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Colon polyps

From MayoClinic.com
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Your digestive tract stretches from your mouth to your anus. As food travels along this 30-foot passageway, nutrients are broken down into a form that can be absorbed by your body and used to build cells and produce energy.

The last part of your digestive tract is a long muscular tube called the large intestine. The upper of the large intestine make up the colon, and the lower make up the rectum. The colon's main function is to absorb water, salt and other minerals from digested food. Your rectum stores waste until it's eliminated from your body.

Polyps can develop anywhere in your large intestine. They can be large or small and may be flat (sessile) or mushroom shaped and attached to a stalk (pedunculated). In Greek, polyp means "many feet," a reference to mushroom-shaped polyps, which have been described as resembling toes. Small and mushroom-shaped polyps are much less likely to become malignant than are flat or large ones. In general, the larger a polyp, the greater the likelihood of cancer.

The three main types of colon polyps are:

  • Adenomatous. Once these polyps grow beyond the size of a pencil eraser — about 5 millimeters (mm) — there's a small but increasing chance they'll become cancerous. This is especially true when their diameter exceeds 10 mm. For that reason doctors normally take a tissue sample (biopsy) from larger polyps during flexible sigmoidoscopy and either biopsy or remove most polyps during colonoscopy. Adenomas are divided into three sub-types — villous, tubular and tubulovillous. Villous adenomas tend to be larger than the other types and are the most likely to become malignant.

  • Hyperplastic. These polyps occur most often in your left (descending) colon and rectum. Usually less than 5 mm in size, they're rarely malignant.

  • Inflammatory. These polyps may follow a bout of ulcerative colitis. Although the polyps themselves are not a significant threat, having ulcerative colitis increases your overall risk of colon cancer.

Cancer affects your cells, the basic units of life. Healthy cells grow and divide in an orderly way to keep your body functioning normally. But sometimes this growth gets out of control — cells continue dividing even when new cells aren't needed. In the colon and rectum, this exaggerated growth may cause polyps to form in the lining of your intestine. Over a long period of time, some of these polyps may become malignant.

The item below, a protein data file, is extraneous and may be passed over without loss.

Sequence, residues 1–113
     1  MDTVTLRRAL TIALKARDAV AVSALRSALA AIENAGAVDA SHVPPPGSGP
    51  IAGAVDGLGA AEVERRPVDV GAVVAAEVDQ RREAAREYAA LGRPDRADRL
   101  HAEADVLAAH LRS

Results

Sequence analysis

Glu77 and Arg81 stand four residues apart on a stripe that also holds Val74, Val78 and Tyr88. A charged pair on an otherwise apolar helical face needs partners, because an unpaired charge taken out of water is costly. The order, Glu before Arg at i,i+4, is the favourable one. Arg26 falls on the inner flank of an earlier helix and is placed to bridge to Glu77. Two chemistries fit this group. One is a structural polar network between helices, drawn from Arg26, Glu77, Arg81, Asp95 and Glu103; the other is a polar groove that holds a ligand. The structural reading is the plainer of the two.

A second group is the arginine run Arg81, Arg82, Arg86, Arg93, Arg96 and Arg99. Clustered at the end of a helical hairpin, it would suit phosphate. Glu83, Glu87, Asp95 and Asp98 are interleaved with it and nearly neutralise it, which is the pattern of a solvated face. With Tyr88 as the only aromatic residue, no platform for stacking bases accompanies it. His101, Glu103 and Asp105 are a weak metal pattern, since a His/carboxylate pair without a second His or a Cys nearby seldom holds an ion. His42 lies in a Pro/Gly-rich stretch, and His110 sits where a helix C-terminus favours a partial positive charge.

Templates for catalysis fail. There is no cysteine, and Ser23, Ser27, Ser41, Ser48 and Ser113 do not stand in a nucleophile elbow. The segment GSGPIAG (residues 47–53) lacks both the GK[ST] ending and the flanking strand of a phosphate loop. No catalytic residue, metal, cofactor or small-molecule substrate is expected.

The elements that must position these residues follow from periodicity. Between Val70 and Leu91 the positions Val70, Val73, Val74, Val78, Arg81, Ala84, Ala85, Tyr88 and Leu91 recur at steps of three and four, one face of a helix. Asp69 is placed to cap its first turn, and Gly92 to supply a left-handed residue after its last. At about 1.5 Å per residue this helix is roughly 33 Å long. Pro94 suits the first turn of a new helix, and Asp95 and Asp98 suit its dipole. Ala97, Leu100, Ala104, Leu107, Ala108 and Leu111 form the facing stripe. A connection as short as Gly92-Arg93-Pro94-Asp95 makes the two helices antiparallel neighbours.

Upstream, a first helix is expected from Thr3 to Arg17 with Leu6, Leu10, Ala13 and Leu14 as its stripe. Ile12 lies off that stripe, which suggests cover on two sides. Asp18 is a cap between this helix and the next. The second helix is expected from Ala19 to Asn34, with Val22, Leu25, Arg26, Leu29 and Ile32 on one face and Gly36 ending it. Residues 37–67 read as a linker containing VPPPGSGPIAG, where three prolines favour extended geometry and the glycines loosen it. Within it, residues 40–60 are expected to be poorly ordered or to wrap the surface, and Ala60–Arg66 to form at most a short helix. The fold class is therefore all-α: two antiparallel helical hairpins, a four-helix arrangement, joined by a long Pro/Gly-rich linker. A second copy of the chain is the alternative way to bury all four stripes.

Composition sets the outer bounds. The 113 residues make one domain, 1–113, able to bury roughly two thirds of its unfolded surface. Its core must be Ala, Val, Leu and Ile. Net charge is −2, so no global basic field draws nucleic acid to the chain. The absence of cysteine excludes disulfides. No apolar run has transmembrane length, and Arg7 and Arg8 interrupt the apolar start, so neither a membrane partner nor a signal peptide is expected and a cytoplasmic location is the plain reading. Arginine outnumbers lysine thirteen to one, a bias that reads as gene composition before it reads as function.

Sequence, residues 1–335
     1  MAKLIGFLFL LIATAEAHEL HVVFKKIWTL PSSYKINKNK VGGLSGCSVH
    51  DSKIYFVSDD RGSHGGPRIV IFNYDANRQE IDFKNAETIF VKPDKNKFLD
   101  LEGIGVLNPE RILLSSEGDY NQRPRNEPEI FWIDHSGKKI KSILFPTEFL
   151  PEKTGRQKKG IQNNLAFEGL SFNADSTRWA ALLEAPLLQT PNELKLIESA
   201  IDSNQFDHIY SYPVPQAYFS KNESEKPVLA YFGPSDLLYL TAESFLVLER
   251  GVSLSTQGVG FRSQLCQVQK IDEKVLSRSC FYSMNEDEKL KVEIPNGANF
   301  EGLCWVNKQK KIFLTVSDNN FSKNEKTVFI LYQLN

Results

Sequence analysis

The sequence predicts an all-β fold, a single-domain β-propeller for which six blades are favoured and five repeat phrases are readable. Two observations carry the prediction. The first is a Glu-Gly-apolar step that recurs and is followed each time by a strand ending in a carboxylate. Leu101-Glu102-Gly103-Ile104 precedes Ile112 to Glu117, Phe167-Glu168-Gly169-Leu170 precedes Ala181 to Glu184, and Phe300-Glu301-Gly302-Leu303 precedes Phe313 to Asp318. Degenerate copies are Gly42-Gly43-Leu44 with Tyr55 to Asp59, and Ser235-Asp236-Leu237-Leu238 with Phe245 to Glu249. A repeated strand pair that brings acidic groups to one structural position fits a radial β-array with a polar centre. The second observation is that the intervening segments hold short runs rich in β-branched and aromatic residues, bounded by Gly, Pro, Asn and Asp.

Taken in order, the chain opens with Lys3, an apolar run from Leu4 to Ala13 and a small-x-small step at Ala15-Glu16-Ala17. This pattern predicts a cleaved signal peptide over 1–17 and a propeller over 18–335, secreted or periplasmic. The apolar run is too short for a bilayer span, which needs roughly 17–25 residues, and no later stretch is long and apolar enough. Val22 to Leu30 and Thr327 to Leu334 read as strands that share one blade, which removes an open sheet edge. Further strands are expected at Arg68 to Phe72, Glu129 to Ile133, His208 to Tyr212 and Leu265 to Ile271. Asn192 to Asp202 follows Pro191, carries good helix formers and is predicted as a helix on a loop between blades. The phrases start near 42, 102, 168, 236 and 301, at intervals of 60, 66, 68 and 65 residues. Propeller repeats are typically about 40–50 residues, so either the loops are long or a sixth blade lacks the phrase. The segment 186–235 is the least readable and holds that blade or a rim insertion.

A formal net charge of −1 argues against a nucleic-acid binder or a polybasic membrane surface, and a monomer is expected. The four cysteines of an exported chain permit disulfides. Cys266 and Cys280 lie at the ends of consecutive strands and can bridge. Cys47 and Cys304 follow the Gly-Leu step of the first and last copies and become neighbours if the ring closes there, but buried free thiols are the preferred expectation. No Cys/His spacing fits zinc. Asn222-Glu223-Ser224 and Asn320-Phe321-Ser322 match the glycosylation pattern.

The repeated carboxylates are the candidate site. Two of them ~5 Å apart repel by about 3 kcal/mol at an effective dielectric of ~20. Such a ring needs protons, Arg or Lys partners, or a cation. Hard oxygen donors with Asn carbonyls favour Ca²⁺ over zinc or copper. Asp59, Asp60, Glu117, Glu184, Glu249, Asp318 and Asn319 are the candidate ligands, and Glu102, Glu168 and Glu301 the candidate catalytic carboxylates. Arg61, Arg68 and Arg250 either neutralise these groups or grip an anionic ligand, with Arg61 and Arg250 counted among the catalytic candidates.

Risk factors

Although no one knows exactly what triggers abnormal cell growth, researchers have identified a number of factors that may contribute to the formation of colorectal polyps. They include:

  • Age. About 90 percent of people with colorectal cancer are 50 or older. Your risk generally starts increasing around age 40, and the average age at which colorectal cancer is diagnosed is 62. Even so, if you're older than 50 and have no other risk factors, you're considered to be at average risk.

  • Inflammatory intestinal conditions. Long-standing inflammatory diseases of the colon such as ulcerative colitis and Crohn's disease can increase your risk.

  • Family history. You're more likely to develop colorectal cancer if you have a parent, sibling or child with the disease. If many family members have colon or rectal cancer, your risk is even greater. In some cases this connection isn't hereditary or genetic. Instead, cancers within the same family may result from shared exposure to an environmental carcinogen or from similar diet or lifestyle factors. About 10 percent to 30 percent of colorectal cancers are familial.

  • Inherited gene mutations. Approximately 5 percent of colorectal cancers result from identified inherited gene mutations. Inherited colorectal cancers are autosomal dominant, meaning you only need to inherit one defective gene from either of your parents. If one parent has the mutated gene, you have a 50 percent chance of inheriting the mutation. Although inheriting a defective gene greatly increases your risk, not everyone with a mutated gene develops cancer.